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SLiMScape: a protein short linear motif analysis plugin for Cytoscape

Kevin T O’Brien123, Niall J Haslam123 and Denis C Shields123*

Author Affiliations

1 UCD Conway, Institute of Biomolecular and Biomedical Sciences, University College Dublin, Dublin, Ireland

2 UCD Complex and Adaptive Systems Laboratory, University College Dublin, Dublin, Ireland

3 School of Medicine and Medical Science, University College Dublin, Dublin, Ireland

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BMC Bioinformatics 2013, 14:224  doi:10.1186/1471-2105-14-224

The electronic version of this article is the complete one and can be found online at: http://www.biomedcentral.com/1471-2105/14/224


Received:11 April 2013
Accepted:1 July 2013
Published:15 July 2013

© 2013 O’Brien et al.; licensee BioMed Central Ltd.

This is an Open Access article distributed under the terms of the Creative Commons Attribution License (http://creativecommons.org/licenses/by/2.0), which permits unrestricted use, distribution, and reproduction in any medium, provided the original work is properly cited.

Abstract

Background

Computational protein short linear motif discovery can use protein interaction information to search for motifs among proteins which share a common interactor. Cytoscape provides a visual interface for protein networks but there is no streamlined way to rapidly visualize motifs in a network of proteins, or to integrate computational discovery with such visualizations.

Results

We present SLiMScape, a Cytoscape plugin, which enables both de novo motif discovery and searches for instances of known motifs. Data is presented using Cytoscape’s visualization features thus providing an intuitive interface for interpreting results. The distribution of discovered or user-defined motifs may be selectively displayed and the distribution of protein domains may be viewed simultaneously. To facilitate this SLiMScape automatically retrieves domains for each protein.

Conclusion

SLiMScape provides a platform for performing short linear motif analyses of protein interaction networks by integrating motif discovery and search tools in a network visualization environment. This significantly aids in the discovery of novel short linear motifs and in visualizing the distribution of known motifs.

Background

High throughput experiments have greatly increased the number of known protein-protein interactions in the human interactome. However, most of these experiments do not indicate the mechanism of interaction. Many of these interactions occur between large globular domains but an estimated 15 - 40% are mediated by functional microdomains [1], of 3 - 10 amino acids in size called Short Linear Motifs (SLiMs). These often occur in intrinsically disordered regions and are involved in a number of functions such as binding, cleavage, subcellular targeting and post translational modifications.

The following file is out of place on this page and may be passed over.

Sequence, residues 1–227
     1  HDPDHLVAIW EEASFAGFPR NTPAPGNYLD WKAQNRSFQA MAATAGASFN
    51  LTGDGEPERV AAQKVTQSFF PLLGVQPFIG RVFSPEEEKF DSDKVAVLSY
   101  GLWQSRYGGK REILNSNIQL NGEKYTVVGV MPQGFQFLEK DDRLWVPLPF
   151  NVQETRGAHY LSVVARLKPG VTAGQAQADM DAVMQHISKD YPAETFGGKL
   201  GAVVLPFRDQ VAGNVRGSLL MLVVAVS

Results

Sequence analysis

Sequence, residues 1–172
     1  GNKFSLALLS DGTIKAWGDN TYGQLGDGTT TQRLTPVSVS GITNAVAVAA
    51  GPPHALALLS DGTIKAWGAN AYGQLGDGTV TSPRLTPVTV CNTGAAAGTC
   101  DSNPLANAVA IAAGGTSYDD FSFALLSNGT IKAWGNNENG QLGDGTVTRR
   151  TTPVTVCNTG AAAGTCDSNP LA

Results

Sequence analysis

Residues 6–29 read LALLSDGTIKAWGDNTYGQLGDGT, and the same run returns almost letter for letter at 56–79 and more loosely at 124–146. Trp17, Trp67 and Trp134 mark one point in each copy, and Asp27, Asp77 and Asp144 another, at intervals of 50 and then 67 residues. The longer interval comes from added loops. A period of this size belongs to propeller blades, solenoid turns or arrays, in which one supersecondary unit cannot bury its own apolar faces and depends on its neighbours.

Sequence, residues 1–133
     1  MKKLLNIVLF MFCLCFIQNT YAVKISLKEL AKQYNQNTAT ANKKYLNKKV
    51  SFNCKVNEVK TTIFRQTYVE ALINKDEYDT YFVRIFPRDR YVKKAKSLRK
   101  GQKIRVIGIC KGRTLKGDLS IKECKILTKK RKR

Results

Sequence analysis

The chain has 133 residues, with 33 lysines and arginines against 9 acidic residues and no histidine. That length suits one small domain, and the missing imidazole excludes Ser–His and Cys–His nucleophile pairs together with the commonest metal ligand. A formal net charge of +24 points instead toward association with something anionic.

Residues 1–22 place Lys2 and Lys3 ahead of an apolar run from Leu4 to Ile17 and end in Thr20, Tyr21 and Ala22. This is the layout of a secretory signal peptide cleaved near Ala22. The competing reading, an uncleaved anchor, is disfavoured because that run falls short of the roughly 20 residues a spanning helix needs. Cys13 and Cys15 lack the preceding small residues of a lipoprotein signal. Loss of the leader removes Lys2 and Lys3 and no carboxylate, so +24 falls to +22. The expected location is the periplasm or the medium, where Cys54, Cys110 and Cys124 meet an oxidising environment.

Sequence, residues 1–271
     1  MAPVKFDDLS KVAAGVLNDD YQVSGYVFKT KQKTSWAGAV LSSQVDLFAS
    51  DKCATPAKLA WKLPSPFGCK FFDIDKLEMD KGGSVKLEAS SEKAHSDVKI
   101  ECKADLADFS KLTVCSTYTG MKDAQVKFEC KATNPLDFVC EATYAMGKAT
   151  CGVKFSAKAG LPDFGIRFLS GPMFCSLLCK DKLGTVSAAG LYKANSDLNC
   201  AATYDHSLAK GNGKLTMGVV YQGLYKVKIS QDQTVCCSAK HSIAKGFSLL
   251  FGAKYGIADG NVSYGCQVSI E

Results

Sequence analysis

Several predictive tools using many different methods have been developed to identify SLiMs [2-8]. We have developed SLiMScape, a plugin which uses two of these tools to add SLiM discovery and search functionality to Cytoscape [9]. Both novel and known motifs can be detected, providing a powerful tool for exploration and analysis of SLiMs within a protein interaction network. Cytoprophet [10], another Cytoscape plugin, predicts domain and protein interaction networks however SLiMScape is the first to focus on SLiMs.

Implementation

SLiMScape has been tested on Cytoscape version 2.8.3 and on all major platforms (Linux, Windows and MacOS). It is published under the GNU Lesser General Public License version 3.0. SLiMscape depends on several websites such as the SMART [11] domain database, Uniprot [12] protein database, DBFetch [13] and custom SLimFinder [2] and SLiMSearch [5] web services available at bioware.ucd.ie. For this reason web access is required. It is also possible to run SLiMFinder and SLiMSearch locally, however this requires installation of several other tools. A tutorial is available at bioware.ucd.ie/slimscape.

Results and discussion

SLiMscape consists of two primary analysis tools. The first, SLiMFinder [2], is capable of finding novel motifs by analyzing a protein interaction network. SLiMFinder has previously been demonstrated as a suitable tool for mining the human interactome for SLiM mediated interactions [14]. The second, SLiMSearch [5] can find new instances of known or potential motifs within the same network. An important feature is the visualization of results within a protein interaction network and in the context of domains in nearby proteins.